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Chinese Ships Ignite Fresh Dispute over Islands
October 25, 2012

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After three weeks of relative quiet, the dispute over islands between China, Japan, and Taiwan is heating up again.

Four Chinese surveillance ships entered the waters surrounding the East China Sea islands (called Diaoyu in China and Taiwan but Senkaku in Japan), a week after Chinese and Japanese officials met in Shanghai to discuss the ownership dispute. The Japanese government claimed ownership of all of the islands in September, causing mass demonstrations across China and sharp words from the Chinese government. China's claim to the islands extends back centuries (and Taiwan's claim is attached to that). Japan occupied the islands fully (along with a large part of China itself) early in the 20th Century and through the end of World War II.

In the latest naval dispute, Chinese ships had entered what Japan considers its territorial waters and initially refused to leave. Ships from China had been in the area outside Japan's claimed 22-kilometer zone around the islands.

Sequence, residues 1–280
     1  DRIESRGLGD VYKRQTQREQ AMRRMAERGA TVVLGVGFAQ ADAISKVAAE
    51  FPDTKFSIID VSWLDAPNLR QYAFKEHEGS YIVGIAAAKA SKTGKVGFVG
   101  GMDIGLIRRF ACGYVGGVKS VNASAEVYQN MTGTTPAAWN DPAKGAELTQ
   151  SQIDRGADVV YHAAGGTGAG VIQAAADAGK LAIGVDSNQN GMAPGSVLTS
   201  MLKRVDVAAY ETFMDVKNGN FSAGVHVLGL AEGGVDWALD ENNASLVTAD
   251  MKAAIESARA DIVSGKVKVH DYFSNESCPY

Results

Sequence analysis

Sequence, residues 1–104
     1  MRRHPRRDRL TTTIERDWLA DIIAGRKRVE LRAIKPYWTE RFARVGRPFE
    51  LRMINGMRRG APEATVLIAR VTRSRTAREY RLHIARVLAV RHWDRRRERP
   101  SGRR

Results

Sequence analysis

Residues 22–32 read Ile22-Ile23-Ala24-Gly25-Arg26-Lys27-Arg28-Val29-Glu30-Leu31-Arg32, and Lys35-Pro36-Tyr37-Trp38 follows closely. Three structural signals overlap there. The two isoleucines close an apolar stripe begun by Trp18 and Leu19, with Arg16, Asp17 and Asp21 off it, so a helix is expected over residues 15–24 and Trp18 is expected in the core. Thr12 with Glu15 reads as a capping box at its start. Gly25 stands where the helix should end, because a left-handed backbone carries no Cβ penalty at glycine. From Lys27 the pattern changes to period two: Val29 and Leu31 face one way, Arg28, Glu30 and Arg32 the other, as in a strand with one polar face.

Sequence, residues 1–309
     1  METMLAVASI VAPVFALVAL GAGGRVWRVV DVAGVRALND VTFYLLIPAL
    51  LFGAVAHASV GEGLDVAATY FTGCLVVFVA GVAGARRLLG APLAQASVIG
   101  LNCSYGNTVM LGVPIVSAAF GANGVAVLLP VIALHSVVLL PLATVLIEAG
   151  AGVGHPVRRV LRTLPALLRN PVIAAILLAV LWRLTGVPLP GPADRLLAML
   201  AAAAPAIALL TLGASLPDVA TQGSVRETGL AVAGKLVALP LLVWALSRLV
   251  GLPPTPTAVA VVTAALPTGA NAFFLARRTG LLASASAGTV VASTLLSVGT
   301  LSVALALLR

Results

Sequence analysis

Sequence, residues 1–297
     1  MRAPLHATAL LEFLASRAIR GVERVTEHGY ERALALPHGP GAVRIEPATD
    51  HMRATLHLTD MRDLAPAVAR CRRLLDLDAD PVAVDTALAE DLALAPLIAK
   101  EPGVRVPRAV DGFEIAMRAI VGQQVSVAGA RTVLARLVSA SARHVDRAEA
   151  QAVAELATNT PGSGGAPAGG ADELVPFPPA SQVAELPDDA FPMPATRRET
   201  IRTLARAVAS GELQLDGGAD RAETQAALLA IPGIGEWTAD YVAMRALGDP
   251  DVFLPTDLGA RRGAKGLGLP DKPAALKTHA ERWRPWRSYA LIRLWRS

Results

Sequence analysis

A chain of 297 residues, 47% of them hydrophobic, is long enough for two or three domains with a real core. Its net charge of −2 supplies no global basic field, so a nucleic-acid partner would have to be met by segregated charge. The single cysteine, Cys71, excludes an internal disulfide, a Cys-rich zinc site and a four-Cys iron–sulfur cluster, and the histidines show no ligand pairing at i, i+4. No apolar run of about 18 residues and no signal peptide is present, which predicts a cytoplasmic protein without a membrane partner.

Both the Chinese government and the Japanese government have reported observing sharp escalations in each other's aircraft flying over the area. Both China and Japan claim airspace over and near the islands as well.

The islands are surrounded by waters rich with fish and sea life, and natural gas has recently been discovered under the islands' surface.


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